Neurodevelopmental disorders are the most common sequelae following surgical palliation of CHD during infancy, with >30% of survivors scoring within the clinically significant range for attention problems in a recent study [32]. With improved surgical outcomes and techniques leading to vastly improved lifespan, a growing goal of independence has arisen in the families of nonsyndromic CHD subjects. However, while intellectual outcome measures vary from poor to excellent, CHD subjects have more problems with social involvement, school performance, and total competence in comparison to control subjects [33]. The Boston Circulatory Arrest Study reported that older post-surgical CHD subjects had difficulty integrating or coordinating the skills to accomplish higher-order goals, such as producing connected discourse or applying math concepts to solve problems [1], [2], [3], [29], [34], [35]. As a result, neurodevelopmental issues, with numerous effects across multiple spectrums of day-to-day life, can be a significantly limiting consequence in subjects who undergo surgical treatment of CHD.

We have completed the first GWAS for neurodevelopmental phenotypes in a unique cohort of 316 prospectively collected subjects, without known or likely genetic syndromes, who underwent cardiac surgery at less than six months of age. Although no SNP reached genome-wide significance (p<5×10−8); in total, 10 SNPs reached a threshold for suggestive significance (p<10−5) for one of three behavioral phenotypes: three for ADHD-IV Impulsivity, five for CBCL/1.5-5 PDPs, and two for CBCL/1.5-5 Total Problems.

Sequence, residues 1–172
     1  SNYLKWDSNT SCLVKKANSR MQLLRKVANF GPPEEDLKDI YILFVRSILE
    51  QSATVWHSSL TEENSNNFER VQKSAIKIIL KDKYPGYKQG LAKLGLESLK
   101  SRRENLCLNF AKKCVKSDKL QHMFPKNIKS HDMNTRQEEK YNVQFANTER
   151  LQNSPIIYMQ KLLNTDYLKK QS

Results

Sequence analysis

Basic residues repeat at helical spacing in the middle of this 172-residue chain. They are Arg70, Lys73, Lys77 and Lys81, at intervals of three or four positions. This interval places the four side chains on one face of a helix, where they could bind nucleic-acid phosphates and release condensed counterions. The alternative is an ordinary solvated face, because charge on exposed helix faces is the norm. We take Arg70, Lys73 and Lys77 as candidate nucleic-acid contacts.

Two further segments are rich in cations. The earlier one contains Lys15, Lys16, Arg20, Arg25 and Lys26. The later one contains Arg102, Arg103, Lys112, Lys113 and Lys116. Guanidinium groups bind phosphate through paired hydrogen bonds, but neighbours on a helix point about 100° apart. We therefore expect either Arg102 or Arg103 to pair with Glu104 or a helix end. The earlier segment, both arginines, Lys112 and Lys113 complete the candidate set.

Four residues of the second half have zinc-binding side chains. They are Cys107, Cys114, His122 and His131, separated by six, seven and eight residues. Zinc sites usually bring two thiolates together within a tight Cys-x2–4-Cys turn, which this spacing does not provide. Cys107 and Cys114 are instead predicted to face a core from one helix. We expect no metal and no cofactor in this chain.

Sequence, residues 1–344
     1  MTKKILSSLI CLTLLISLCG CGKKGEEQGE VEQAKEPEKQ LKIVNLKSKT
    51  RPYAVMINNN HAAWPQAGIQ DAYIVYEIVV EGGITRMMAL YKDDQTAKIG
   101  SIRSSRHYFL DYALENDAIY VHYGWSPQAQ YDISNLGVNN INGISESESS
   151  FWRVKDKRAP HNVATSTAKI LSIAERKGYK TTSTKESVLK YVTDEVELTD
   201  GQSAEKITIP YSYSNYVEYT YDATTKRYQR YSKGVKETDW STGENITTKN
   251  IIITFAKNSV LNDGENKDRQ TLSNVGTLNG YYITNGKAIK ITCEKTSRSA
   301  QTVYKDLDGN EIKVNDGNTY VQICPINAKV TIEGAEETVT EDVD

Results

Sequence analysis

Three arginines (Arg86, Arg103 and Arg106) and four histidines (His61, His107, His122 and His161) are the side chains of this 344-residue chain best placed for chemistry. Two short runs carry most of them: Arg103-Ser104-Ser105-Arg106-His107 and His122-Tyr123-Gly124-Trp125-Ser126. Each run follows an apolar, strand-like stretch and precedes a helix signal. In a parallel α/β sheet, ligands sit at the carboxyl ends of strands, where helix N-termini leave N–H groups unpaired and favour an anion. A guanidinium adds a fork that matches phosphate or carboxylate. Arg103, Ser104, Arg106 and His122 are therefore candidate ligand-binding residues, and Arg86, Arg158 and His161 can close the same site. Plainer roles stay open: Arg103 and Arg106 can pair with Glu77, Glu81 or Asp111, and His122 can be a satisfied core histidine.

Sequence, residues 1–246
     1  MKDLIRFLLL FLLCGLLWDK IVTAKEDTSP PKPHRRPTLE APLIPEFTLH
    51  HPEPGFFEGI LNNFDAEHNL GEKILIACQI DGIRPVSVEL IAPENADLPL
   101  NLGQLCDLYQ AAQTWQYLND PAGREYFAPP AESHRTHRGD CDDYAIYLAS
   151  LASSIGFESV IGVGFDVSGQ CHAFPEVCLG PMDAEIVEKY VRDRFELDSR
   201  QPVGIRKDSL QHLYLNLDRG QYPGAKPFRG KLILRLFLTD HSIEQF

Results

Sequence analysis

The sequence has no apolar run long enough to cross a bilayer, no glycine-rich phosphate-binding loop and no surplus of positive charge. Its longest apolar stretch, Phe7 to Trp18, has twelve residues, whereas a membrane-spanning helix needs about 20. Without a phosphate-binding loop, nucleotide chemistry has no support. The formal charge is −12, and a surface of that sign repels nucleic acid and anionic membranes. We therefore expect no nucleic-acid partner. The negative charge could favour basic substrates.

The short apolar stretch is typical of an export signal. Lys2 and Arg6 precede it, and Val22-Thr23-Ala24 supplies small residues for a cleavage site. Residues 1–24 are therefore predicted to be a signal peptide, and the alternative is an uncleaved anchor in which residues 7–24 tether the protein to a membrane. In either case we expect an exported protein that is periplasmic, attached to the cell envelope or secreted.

This cohort is both the largest of its kind and also unique in its inclusion criteria, as it was designed to identify markers in genes that may affect the recovery of the brain after surgical palliation of a wide spectrum of CHDs and therefore adjusted for numerous potentially confounding inpatient and surgical variables, making it not possible to replicate these results in a similar, independent cohort. Of note, the Boston Circulatory Arrest Study had 155 eligible subjects and examined cognitive and behavioral outcomes after repair of transposition of the great arteries [1], [2], [3], [29], [34], [35]. As a result, we present our results as potential candidate genes involved in the pathogenesis of neurobehavioral problems in children who underwent cardiac surgery as infants, with the caveat that further investigation is required. However, interesting candidates did emerge.